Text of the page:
Assessing Alzheimer's disease phenotypes in a type 2 diabetic mouse model.
In: Student Reports, Summer 2017, Jackson Laboratory
Dr. Kristen Onos and Dr. Gareth Howell
Increasing evidence suggests a link between type 2 diabetes (T2D) and Alzheimer's disease (AD), yet limited studies have been performed to elucidate this relationship. The Howell lab has created a new mouse model by introducing two early-onset AD mutations (APpswe and PS1de9) into the New Zealand Obese (NZO) mouse strain that develops T2D. We characterized the NZO.APPIPS1 model for hallmark features of AD to assess whether specific features of AD are exacerbated by diabetes. In particular, we tested the hypothesis that diabetes would induce neuroinflammatory responses. Brains from 8-month-old mice were harvested, sectioned, and assessed for microglial and astrocytic reactivity. Silver staining and ThioS staining were also used to visualize plaque morphology. Western blotting was utilized to quantify tau protein, and ELISA was used to quantify amyloid beta 42 (A~42) levels. Although there were fewer plaques in the NZO.APPIPS1 mice compared to B6.APPIPS1 mice, the plaques were larger. However, there was no significant difference in A~42 levels, implicating that plaque clearance mechanisms were affected in NZO.APPIPS1 mice. Diabetes may impact plaque morphology as microglia were observed around blood vessels in the NZO WT mice. This suggests that diabetes may lead to vascular damage and thus, impaired plaque clearance through the blood vessels. This could explain the observed larger plaque size in NZO.APPIPS1 mice. 1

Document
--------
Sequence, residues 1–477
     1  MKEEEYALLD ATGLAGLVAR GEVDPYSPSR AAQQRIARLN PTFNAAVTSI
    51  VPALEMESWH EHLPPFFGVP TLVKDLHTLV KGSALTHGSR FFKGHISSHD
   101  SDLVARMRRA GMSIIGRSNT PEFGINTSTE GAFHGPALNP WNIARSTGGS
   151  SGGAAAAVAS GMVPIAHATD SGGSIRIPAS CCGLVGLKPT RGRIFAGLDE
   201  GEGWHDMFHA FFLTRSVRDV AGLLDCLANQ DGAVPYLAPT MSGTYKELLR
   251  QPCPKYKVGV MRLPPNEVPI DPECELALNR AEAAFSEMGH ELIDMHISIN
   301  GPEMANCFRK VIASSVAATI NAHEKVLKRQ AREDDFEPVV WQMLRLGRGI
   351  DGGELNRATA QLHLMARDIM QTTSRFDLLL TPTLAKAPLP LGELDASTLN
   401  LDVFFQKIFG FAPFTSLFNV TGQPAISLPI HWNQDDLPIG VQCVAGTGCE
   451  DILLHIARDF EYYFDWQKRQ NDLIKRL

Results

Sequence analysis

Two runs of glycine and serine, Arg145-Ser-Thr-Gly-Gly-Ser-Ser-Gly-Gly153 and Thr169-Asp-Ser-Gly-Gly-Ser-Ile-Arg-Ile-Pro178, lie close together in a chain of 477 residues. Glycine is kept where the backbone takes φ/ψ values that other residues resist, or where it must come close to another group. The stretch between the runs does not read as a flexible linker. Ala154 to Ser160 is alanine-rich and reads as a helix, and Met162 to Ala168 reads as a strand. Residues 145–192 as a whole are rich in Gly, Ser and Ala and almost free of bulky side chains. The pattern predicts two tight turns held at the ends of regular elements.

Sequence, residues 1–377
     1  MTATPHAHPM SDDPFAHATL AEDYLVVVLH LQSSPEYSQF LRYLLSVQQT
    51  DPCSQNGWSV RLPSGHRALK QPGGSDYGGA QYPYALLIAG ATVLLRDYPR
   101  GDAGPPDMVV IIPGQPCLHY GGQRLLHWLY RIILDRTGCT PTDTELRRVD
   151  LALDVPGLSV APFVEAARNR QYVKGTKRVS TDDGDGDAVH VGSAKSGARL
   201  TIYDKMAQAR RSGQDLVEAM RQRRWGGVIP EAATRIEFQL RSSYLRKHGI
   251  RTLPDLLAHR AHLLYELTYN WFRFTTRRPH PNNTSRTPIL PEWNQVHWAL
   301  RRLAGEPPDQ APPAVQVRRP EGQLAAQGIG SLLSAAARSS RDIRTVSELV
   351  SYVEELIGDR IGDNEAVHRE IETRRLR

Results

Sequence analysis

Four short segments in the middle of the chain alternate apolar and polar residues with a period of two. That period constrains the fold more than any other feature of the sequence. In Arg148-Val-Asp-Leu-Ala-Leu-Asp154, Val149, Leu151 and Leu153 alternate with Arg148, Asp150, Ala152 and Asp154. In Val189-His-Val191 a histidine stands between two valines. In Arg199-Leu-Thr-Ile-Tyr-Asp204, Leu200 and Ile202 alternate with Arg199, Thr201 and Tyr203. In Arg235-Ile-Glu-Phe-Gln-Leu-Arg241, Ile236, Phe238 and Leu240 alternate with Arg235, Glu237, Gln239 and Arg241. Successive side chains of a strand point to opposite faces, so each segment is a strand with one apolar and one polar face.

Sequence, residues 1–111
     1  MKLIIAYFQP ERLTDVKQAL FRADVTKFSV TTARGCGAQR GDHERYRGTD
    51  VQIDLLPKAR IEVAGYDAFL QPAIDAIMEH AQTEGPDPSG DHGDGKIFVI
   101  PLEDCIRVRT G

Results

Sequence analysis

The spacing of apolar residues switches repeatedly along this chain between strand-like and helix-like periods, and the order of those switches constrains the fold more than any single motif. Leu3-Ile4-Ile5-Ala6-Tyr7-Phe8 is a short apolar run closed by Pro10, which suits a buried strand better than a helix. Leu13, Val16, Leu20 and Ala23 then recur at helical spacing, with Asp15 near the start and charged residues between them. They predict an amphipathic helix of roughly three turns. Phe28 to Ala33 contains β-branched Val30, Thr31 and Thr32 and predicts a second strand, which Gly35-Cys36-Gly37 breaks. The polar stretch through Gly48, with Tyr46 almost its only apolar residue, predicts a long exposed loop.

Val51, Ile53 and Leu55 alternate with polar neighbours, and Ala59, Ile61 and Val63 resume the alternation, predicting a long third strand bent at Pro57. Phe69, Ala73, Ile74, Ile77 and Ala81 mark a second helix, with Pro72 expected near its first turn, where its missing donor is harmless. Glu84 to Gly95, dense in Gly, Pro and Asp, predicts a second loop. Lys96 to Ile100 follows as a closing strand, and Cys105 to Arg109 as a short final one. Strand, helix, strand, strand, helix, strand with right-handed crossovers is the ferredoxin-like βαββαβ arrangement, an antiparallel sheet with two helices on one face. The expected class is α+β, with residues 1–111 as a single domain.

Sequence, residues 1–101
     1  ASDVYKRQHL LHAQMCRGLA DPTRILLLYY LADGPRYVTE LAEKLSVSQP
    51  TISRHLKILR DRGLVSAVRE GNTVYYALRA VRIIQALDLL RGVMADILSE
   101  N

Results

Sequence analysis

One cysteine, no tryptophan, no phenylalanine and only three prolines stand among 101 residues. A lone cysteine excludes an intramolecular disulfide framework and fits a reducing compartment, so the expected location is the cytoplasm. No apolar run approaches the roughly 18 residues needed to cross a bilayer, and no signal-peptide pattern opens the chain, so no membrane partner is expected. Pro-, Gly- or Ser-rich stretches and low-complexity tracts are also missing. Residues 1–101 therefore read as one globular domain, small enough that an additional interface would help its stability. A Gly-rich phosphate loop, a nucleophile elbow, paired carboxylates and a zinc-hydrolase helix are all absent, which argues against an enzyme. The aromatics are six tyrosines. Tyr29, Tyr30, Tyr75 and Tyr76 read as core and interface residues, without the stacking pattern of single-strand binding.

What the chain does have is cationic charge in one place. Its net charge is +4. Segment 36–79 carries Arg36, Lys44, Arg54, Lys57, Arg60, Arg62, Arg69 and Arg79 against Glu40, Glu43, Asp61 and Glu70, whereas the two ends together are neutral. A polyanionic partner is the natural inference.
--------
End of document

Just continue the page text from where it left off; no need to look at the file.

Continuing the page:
Patel, Bansri, "Assessing Alzheimer's disease phenotypes in a type 2 diabetic mouse model." (2017). Summer and Academic Year Student Reports. 2587.